Posts Tagged ‘badges’

Prison Escape Powerball

Friday, January 29th, 2016

MANHUNT HOTLINE_Where Excuses Go to DieWelcome to Apocalypse Hoosegow 10, the Lotto jackpot of potential prison escape movies (and the impossibly straight faces of the Orange County Sheriff’s Department).

Man, this story has got it alland it ends in the parking lot of novelty grocery store, Whole Foods.

Killer convicts chipping their way through steel and concrete – check! Laughably low estimates of escaped prisoner capabilities – check! Brutal cellblock battle to distract guards – check! Cougar-teacher helping misunderstood love interest – check! Tied together bed sheets and socks and stuff – check! Months in the making, mistake-free master plan – check! Violent terror-inmates on the loose in conservative county – check! FBI dudes elbowing local badge bumblers outta the way – check! Adam-12-era hoosegow gettin’ last laugh on OC budget dorks – check! Incredibly straight-faced cop brass asking for public help in catching penis-severing Muslim blowtorch monster – check! check! check!

Apocalypse Hoosegow 10_Where Excuses Go to DieOoh, and don’t forget: District Attorney’s office infighting – check! Unauthorized D.A. office statements made public – check! Open criticism – check! Gorilla-goons scratching their heads at escape hole – check! Magic gnats flying out of inmates mouths like in The Green Mile – ok, not that, but Range Rover-driving, Islamophobic blondes blessed with new hero – checkity check!  (more…)

De-institutionalization (and your Tax Dollars)

Saturday, January 16th, 2016

Mizuo Shinonome_Where Excuses Go to DieSome see de-institutionalization as prison reform’s black hole. We neither think about nor understand it much, until we see how much it can swallow.

Yet redirecting, rather than just recycling, offenders begins and ends with the most common form of second chance behavioral therapy of all: showing individuals the potential in themselves they can’t yet see. I’m certainly a product of it, and there are countless other second chance cases even more deserving of the right mentor than I was.

In such an inexcusably crowded prison system as California’s, wringing Yard life from offenders can devour solar systems of resources, and profoundly institutionalized individuals are difficult people to be around on a good day. So for both plucky and grizzled corrections professionals working with offenders and parolees, resolve and past re-entry successes are crucial. So, too, are faith and funding – or at least the delivery of funds previously promised. (more…)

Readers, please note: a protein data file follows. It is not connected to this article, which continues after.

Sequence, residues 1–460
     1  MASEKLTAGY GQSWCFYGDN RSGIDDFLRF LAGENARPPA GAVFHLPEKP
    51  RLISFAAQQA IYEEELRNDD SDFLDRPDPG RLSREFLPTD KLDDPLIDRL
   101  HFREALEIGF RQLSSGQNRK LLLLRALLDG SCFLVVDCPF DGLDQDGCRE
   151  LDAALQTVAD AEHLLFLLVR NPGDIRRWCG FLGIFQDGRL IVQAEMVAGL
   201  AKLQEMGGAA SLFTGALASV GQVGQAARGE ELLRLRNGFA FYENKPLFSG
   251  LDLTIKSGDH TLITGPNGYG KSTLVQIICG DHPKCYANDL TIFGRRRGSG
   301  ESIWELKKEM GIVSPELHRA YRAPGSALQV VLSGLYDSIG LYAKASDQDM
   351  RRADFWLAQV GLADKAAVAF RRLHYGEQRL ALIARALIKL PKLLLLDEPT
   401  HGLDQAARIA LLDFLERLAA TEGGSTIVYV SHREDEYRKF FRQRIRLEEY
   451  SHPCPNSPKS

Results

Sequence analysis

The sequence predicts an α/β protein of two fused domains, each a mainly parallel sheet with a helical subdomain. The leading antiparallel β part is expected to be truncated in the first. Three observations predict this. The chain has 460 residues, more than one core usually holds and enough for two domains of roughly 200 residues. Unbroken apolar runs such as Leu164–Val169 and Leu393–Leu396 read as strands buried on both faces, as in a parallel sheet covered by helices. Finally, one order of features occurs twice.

2015 EXCUSE OF THE YEAR

Thursday, December 31st, 2015

2015 Where Excuses Go to Die_EXCUSE OF THE YEAR2015 was a rough year, especially for those who believe in the absolutism of beat cops and badges, or that the bootstraps of hardworking Americans can’t possibly snap. This was a difficult year for innocent bystanders, or anyone thinking they were safe. But it was, and remains, the most challenging yet for those convinced that guns are God-given.

At first I thought I’d go with the excuse offered by Subway Jared and his lawyers who, prior to his prison sentence for child-ruining, blamed his Subway diet for his pervert crimes. Essentially, these morally challenged morons claimed that, had Jared “received help,” he wouldn’t have “traded a horrible food addiction for a horrible sex addiction.” Subway Jared is about to find out Where Excuses Go to Die. (more…)

Capitalizing on Inmate Firefighters

Sunday, October 18th, 2015

Image_washingtonpostThere’s no excuse for inmate firefighters becoming pawns of prison reform.

Inmate firefighters: it’s an odd term, isn’t it? “Firefighter” is a badge of honor, while “inmate” is a brand. Yet these particular convicted criminals are routinely sent on 16-mile marches to square off with raging wildfires for 24 hours at a time, carrying the mark of offenders while performing duties as honorable as they come. For about $2 an hour.

These men (and women) are typically housed in a more congenial, campus-like setting. They eat better than their counterparts who are still behind prison walls, and they’re addressed more cordially by both frontline custody personnel and the civilian training staffers who oversee their participation in California’s esteemed Conservation Camp program.

Most of these folks were convicted of non-violent crimes. But violent offenders have also swung picks and wielded shovels for the California Department of Forest and Fire Protection (CalFire) for decades, and a proposal to expand their participation was recently submitted by California corrections officials. Good thing it was withdrawn almost as soon as it was made public, as the plan could have been a disaster.

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